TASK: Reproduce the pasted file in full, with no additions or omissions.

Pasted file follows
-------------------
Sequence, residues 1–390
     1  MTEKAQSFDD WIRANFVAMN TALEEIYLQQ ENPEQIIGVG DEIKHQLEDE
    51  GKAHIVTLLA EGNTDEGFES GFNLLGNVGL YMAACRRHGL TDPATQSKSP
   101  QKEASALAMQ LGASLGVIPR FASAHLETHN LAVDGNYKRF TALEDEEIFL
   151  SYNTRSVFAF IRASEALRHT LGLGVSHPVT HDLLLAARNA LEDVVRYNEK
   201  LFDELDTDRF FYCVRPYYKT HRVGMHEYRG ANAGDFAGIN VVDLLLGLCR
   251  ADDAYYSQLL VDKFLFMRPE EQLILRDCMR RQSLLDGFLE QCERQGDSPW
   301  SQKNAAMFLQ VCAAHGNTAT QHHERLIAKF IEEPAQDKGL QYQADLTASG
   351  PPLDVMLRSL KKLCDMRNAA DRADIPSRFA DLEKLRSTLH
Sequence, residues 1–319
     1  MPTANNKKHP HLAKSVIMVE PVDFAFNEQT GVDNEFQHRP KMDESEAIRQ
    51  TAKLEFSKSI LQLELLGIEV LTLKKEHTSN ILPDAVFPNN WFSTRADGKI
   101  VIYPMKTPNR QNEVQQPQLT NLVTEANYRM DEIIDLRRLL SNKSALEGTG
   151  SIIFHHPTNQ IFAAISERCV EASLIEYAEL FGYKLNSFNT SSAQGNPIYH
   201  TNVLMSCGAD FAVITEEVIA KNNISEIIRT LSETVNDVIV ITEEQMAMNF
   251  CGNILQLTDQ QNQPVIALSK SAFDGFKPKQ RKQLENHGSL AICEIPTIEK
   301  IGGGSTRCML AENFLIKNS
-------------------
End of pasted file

Sequence, residues 1–390
     1  MTEKAQSFDD WIRANFVAMN TALEEIYLQQ ENPEQIIGVG DEIKHQLEDE
    51  GKAHIVTLLA EGNTDEGFES GFNLLGNVGL YMAACRRHGL TDPATQSKSP
   101  QKEASALAMQ LGASLGVIPR FASAHLETHN LAVDGNYKRF TALEDEEIFL
   151  SYNTRSVFAF IRASEALRHT LGLGVSHPVT HDLLLAARNA LEDVVRYNEK
   201  LFDELDTDRF FYCVRPYYKT HRVGMHEYRG ANAGDFAGIN VVDLLLGLCR
   251  ADDAYYSQLL VDKFLFMRPE EQLILRDCMR RQSLLDGFLE QCERQGDSPW
   301  SQKNAAMFLQ VCAAHGNTAT QHHERLIAKF IEEPAQDKGL QYQADLTASG
   351  PPLDVMLRSL KKLCDMRNAA DRADIPSRFA DLEKLRSTLH
Sequence, residues 1–319
     1  MPTANNKKHP HLAKSVIMVE PVDFAFNEQT GVDNEFQHRP KMDESEAIRQ
    51  TAKLEFSKSI LQLELLGIEV LTLKKEHTSN ILPDAVFPNN WFSTRADGKI
   101  VIYPMKTPNR QNEVQQPQLT NLVTEANYRM DEIIDLRRLL SNKSALEGTG
   151  SIIFHHPTNQ IFAAISERCV EASLIEYAEL FGYKLNSFNT SSAQGNPIYH
   201  TNVLMSCGAD FAVITEEVIA KNNISEIIRT LSETVNDVIV ITEEQMAMNF
   251  CGNILQLTDQ QNQPVIALSK SAFDGFKPKQ RKQLENHGSL AICEIPTIEK
   301  IGGGSTRCML AENFLIKNS